The Electric Reliability Council of Texas (ERCOT) expects to tap nearly 2,000 MW of previously mothballed units, which had been taken out of service by their owners, to address a tight supply situation this summer, ERCOT said May 1.
ERCOT’s Seasonal Assessment of Resource Adequacy for summer 2012 said the previously idle units that will return to service include about 430 MW of capacity that was not available last summer.
Some units that had not been expected to be able to run this summer due to the U.S. EPA’s Cross-State Air Pollution Rule are available after a federal appeals court last December put that regulation on hold. Final legal resolution on the rule could come later this year given that oral arguments were held in a federal appeals court during April.
“Even with this additional generation, we expect that there may be some calls for conservation when energy use is particularly high or if generation supplies are impacted by unplanned outages,” said ERCOT CEO Trip Doggett. “Having nearly 2,000 MW of additional generation available this summer will help reduce the likelihood of rotating outages.”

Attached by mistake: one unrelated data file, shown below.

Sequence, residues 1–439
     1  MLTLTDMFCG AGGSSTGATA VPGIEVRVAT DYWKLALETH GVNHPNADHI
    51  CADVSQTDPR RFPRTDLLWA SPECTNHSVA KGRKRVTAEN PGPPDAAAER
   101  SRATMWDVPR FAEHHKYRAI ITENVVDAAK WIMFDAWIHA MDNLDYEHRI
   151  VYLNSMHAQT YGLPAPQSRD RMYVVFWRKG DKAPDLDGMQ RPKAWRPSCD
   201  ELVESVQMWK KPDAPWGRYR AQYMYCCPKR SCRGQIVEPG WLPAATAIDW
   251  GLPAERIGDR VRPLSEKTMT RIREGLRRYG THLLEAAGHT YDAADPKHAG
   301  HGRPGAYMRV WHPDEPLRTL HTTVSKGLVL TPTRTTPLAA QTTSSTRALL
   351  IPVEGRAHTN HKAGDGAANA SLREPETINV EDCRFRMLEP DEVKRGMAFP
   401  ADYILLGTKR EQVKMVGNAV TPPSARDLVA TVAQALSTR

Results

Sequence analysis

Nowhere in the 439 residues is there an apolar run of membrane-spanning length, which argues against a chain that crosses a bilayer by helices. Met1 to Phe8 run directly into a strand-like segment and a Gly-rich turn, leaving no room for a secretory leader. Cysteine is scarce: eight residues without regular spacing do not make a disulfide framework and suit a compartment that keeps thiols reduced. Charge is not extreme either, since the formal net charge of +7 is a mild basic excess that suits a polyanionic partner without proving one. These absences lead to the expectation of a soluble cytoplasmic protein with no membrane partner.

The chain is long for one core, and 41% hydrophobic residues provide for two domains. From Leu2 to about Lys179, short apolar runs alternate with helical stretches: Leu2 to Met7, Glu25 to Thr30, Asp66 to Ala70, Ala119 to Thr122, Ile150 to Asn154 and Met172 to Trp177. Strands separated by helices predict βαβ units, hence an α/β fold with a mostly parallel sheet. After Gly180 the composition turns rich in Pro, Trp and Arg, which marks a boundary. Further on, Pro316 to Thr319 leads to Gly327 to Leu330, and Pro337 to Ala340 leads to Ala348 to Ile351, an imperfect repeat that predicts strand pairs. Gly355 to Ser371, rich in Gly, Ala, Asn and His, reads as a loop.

The summer 2012 assessment assumes weather will be warmer and drier than the 15-year historical average but less extreme than 2011, based on information from the National Weather Service and from Telvent, which provides weather forecasting data for ERCOT.
Forecasts also indicate the possibility of tropical storm activity early in the summer and the potential for more variable rain.
Further improving the generation outlook is more than 2,075 MW of wind power in the coastal region, which tends to be available to the grid during the late afternoon when it is needed most in the summer.
Also in June the Brattle Group is expected to issue a report that will examine factors that influence power plant investment decisions in the ERCOT market.
“We have taken an ‘all of the above’ approach to meeting Texans’ electricity needs this summer,” said Chairman Donna Nelson of the state Public Utility Commission. “I particularly appreciate efforts from generators to bring power plants back on-line to help keep our air conditioners running.”